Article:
I feel as if Leia truly embodied the strength of a person determined to keep fighting for what she believed was right and who she loved.  The gold bikini, as beautiful as it was, epitomized the control of corrupt and short-sighted villains.  Leia was truly more than that.

Unfortunately, the gold bikini catapulted her into a sexual fantasy, which is fine, as long as she remains unchained.  Leia is strong, beautiful, and wise.  She deserves respect as well as appreciation.  They do not have to be mutually exclusive.

Leia challenges us to write better parts for all women, who want to fight and have strong convictions.  She is a role model.

I wonder how many compelling characters are written today for women, especially when it is easy to fall into the trap of writing to stereotype.

Is she a maiden, a fallen woman, a mother?  A spinster?

Stereotypes do a disservice to the idea of humanity.  Women and men are more than their genders or ideas about their genders.  I hope that we can find stories that challenge us and help us grow in our understanding of what it means to be human.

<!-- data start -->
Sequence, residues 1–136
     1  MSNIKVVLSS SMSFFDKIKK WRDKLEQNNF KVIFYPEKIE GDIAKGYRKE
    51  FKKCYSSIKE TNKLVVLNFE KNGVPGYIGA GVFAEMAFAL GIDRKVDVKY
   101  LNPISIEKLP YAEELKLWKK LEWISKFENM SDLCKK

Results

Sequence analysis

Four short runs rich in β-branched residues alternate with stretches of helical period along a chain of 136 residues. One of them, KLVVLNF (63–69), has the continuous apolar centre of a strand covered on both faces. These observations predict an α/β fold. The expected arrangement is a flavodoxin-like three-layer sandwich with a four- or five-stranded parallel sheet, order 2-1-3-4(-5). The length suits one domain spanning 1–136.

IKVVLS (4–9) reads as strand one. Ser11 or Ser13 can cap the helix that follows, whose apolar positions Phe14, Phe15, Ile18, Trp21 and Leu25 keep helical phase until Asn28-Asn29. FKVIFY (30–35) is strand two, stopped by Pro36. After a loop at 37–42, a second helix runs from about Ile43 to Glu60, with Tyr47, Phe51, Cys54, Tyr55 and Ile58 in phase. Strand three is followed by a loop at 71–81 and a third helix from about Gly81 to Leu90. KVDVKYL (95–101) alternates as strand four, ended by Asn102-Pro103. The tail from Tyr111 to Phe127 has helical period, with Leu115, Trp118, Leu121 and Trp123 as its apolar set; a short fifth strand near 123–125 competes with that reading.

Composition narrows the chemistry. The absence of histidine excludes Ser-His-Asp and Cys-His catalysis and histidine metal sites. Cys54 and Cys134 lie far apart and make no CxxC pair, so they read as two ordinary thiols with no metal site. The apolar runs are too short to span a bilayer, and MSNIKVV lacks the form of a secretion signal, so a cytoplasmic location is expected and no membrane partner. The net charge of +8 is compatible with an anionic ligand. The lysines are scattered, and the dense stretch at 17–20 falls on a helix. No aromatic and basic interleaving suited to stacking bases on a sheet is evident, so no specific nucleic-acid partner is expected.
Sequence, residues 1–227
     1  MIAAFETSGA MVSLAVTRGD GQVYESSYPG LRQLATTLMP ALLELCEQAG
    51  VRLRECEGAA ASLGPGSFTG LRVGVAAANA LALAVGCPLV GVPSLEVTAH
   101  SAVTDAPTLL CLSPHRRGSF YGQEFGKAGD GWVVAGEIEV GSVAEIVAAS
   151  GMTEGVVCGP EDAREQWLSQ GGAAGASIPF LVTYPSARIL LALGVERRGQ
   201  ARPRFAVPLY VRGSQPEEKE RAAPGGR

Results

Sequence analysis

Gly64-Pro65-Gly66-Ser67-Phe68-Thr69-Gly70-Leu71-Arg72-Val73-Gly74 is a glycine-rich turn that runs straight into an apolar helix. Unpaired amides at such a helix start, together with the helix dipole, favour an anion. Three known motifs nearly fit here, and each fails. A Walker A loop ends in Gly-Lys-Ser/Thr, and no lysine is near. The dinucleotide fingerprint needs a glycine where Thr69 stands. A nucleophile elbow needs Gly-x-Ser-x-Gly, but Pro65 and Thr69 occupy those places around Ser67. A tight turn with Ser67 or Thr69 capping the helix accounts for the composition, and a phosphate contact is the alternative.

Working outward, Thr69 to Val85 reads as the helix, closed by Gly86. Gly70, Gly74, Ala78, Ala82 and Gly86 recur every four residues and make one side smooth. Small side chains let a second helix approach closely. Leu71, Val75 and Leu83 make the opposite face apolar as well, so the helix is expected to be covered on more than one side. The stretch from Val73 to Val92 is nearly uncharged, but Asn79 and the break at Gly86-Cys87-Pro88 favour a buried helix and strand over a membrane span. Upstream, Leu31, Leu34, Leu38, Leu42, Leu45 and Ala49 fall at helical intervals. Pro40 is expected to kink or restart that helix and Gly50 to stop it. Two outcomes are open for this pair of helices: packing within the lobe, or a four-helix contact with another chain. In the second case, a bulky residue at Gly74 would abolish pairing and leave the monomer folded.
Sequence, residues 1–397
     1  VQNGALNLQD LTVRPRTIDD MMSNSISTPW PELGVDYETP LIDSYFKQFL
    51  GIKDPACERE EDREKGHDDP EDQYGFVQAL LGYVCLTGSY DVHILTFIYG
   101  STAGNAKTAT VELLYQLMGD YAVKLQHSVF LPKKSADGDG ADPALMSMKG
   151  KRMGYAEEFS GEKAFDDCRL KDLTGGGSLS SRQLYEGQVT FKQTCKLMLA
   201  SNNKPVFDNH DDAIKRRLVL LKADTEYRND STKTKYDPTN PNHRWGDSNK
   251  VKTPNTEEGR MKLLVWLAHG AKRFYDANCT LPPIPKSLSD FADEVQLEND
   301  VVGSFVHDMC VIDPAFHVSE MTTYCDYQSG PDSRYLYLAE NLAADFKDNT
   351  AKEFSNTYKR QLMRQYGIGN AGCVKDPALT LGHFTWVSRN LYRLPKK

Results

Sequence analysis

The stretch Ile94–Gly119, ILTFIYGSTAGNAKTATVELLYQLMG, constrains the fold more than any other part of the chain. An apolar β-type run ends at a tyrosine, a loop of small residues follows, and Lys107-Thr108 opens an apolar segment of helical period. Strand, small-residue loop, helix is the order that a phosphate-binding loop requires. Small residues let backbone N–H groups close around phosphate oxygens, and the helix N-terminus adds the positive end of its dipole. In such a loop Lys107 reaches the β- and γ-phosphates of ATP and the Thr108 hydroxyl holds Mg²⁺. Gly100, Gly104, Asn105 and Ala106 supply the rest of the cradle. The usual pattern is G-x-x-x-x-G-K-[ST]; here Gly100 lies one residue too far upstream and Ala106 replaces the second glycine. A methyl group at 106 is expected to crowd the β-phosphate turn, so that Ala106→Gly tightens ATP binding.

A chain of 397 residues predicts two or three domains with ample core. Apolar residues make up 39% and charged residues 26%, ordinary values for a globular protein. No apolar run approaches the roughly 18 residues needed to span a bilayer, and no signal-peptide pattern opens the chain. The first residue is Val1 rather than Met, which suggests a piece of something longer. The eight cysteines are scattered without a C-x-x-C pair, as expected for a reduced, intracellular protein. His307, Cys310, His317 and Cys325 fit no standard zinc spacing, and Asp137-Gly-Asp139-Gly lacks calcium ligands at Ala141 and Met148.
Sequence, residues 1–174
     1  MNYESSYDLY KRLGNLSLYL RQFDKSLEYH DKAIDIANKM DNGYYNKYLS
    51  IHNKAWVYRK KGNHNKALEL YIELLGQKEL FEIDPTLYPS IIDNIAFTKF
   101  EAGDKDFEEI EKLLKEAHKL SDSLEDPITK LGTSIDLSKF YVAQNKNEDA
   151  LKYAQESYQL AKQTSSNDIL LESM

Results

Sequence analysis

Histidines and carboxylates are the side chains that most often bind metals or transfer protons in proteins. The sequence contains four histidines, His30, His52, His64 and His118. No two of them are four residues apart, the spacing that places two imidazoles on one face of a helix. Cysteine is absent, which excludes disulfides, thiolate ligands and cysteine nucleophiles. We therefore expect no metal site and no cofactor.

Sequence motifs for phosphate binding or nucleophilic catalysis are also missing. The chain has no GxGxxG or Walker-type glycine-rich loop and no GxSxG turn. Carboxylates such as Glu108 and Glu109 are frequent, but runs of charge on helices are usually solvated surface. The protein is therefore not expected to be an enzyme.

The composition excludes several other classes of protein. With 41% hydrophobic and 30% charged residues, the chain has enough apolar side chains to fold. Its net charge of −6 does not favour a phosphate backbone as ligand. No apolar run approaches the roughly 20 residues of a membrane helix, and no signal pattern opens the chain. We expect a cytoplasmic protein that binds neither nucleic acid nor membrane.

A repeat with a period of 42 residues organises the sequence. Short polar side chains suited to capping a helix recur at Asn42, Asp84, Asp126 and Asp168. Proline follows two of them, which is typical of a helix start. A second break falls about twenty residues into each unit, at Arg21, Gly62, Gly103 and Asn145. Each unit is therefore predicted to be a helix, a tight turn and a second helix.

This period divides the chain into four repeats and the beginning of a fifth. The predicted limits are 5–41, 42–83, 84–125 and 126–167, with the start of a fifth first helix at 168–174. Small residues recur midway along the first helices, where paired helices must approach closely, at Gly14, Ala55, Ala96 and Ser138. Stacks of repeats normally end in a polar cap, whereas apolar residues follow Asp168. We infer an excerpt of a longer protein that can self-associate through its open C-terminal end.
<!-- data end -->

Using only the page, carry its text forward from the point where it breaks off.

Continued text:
As for me, I’d like to be a bit more like Leia, gold bikini or traditional Senate robes.


Posted by: codecalla | November 14, 2015

Je t’aime Paris

When terrible things happen or when life doesn’t go the way we expect, how do we respond?  Do we shut down and continue to torture ourselves with the thoughts of “How horrible!” or keep re-running those images, thoughts, words constantly in an effort to really feel as down as we should?

How do we react to a crisis?  Calmly, rationally, compassionately?

Do we scream, throw tantrums, shake our fists?

I think a calm response can be more effective, even if our hearts are injured, grieving, and longing for relief.

If we continue to focus on all of the terrible events, we miss the beauty of people.

Paris is beautiful.  A handful of people committed an atrocious act, hurting many more, but Paris responded with open arms to those who are frightened, confused, and stranded.

Let us be kind to each other and remember our humanity.

Posted by: codecalla | October 18, 2015

Trust in the Universe

Recently many events have transpired to cause doubt, confusion, anger, and loss of hope.  How often do we tie our personal identity to the nature of the groups we belong?  When suddenly one of those groups collapses, what can we learn from the experience?